In the final analysis, the author suggests that the factor of gender has genuinely affected the functioning of colonial society in Latin America by means of controlling and representing the sexuality and domestic arrangements as undeniable parts of the Spanish governance; but the aforesaid factor should not be apprehended as an independent variable
After everything has been given due consideration, it is possible to outline the chief strengths and limitations of the analyzed study. In this connection, it should be asserted that the study’s benefits are the following:
- The author endeavors to juxtapose the “sociedad de castas” with juridical and ideological system of society which has the direct nexus with marriage, work and other forms of social subsistence. It should be agreed that the colonial society with various hierarchies within it may be comprehended through analysis of its values, perceptual identities and ideology. Therefore, it is possible to claim that the correlation between different castes in colonial Latin America has been driven by particular social values, perceptual identities and ideological fundamentals.
- Schwartz discusses professor Kuznesof’s approach based on the thesis that the determination of race is substantially motivated by gender. The issue of gender is also elucidated by Jesus F. de la Teja and Ross Frank who purport that Spanish colonizers have made use of their social control theory and practice designed to enforce conformity to “idealized gender”.
- Another benefit of Schwartz’s research lies in stating that the early contacts between Europeans and aboriginal peoples and the treatment of their offspring are the most significant preconditions to the systems of hierarchy. In view of the aforesaid judgment, it should be implied that both knowledge and experience of multi-cultural interactions have truly incited Spanish colonizers to maintain their dominance with the help of “sociedad de castas”.
- The author has managed to explain that a race or ethnicity should not be apprehended as a caste itself. He has demonstrated how the social position of various peoples including mestizos and creoles has been constantly changed due to various factors.
- Schwartz argues that the issue of gender is utterly dependent on a particular race and does not solely affect the “sociedad de castas”. In other words, a representative of a particular gender may change the caste only if his racial status allows him to do so.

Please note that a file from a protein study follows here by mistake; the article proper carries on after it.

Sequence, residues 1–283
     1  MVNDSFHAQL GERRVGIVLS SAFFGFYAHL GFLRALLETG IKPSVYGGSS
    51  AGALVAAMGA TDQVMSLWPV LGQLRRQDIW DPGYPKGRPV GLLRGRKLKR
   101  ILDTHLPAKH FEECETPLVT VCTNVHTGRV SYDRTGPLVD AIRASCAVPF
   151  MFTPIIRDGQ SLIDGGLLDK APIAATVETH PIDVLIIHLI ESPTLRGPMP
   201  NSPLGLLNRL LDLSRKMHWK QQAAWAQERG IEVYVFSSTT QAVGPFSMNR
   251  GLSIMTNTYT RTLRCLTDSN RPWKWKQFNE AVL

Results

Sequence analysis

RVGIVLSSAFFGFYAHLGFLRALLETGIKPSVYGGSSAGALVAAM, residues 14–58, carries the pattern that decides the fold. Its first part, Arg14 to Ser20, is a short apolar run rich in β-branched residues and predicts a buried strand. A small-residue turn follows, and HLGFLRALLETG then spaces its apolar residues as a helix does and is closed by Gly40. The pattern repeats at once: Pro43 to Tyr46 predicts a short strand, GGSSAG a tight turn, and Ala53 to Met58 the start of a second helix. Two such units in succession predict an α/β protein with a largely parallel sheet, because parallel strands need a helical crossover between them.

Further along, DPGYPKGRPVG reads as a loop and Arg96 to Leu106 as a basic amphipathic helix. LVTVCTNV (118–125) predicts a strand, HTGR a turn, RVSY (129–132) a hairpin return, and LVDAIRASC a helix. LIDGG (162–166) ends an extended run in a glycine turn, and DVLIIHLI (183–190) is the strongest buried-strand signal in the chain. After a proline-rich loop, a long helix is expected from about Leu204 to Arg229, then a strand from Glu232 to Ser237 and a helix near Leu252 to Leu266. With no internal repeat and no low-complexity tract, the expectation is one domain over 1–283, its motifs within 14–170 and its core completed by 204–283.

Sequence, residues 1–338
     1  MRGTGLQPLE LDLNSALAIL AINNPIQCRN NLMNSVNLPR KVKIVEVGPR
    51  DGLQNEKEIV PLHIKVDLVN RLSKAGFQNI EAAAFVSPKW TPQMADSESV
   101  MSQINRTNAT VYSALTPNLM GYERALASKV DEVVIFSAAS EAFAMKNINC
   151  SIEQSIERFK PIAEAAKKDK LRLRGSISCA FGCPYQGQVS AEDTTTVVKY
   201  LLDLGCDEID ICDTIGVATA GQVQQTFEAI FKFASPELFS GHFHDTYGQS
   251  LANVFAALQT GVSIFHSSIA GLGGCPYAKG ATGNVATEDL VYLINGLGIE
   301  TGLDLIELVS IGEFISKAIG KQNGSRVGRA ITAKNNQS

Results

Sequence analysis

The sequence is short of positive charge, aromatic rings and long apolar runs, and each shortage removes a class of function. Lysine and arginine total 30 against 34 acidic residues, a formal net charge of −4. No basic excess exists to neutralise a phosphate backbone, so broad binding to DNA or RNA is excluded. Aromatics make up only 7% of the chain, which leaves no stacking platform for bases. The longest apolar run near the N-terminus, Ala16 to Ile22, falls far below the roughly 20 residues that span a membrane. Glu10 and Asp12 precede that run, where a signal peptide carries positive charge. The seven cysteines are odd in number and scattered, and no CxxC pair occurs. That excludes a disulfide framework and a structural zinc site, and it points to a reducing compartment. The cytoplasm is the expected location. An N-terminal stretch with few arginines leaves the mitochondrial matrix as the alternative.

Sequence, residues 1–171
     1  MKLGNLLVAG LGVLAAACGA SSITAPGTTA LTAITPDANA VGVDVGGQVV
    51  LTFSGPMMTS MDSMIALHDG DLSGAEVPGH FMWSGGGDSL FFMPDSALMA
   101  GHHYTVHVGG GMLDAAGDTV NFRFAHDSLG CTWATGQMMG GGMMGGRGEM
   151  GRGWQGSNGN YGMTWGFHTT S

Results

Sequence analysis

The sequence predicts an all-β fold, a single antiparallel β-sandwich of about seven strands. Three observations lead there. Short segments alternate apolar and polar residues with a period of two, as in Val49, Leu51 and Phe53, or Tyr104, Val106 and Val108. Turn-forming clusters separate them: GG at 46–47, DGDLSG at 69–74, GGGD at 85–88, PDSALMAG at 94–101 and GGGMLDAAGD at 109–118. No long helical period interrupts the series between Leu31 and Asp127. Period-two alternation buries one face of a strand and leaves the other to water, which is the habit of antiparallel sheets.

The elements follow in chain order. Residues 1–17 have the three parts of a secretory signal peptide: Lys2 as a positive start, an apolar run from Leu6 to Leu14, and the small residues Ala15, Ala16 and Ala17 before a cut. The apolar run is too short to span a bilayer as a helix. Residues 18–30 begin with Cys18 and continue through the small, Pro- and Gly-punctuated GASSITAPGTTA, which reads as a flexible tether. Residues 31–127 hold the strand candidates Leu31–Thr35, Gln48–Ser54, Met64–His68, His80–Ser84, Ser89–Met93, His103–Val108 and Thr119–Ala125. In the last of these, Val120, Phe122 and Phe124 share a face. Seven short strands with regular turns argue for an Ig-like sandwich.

Furthermore, it might be relevant to ascertain that Schwartz’s study has a number of limitations as well. They are the following:
- Stuart B. Schwartz takes into account primarily investigations of professor Kuznesof. The author’s exclusive emphasis on critical analysis of Kuznesof’s approach makes his study less substantiated and reliable.
- The author of Colonial Identities and the Sociedad de Castas has failed to elaborate on the issues of legitimacy and social responsibilities of castes’ representatives.
Apart from the above, it should be stated that there are several issues in the domain of multi-racial and multi-ethnic societies of colonial Latin America than need to be investigated further. The first problem includes the question of identity and determination. In this connection, it is proposed to examine how various ethnic groups being controlled in the frames of the “sociedad de castas” have personally identified their social statuses. Also, it should be detected whether the peoples’ aspirations to self-determination and independence have ever shaped the “sociedad de castas”. The second problem involves the matter of race and its social components because Schwartz has failed to elucidate the concept of race as the social phenomenon. The third issue that needs to be clarified is the concept of marriage and its influence on the “sociedad de castas”. According to Frank Salomon, marriage constitutes an integral part of the native societies’ political economy.
In the final analysis, it is possible to lead to a conclusion that Schwartz’s study of racial and class determinants facilitates the understanding of the colonial world and its system of complex relationships which is called the “sociedad de castas”.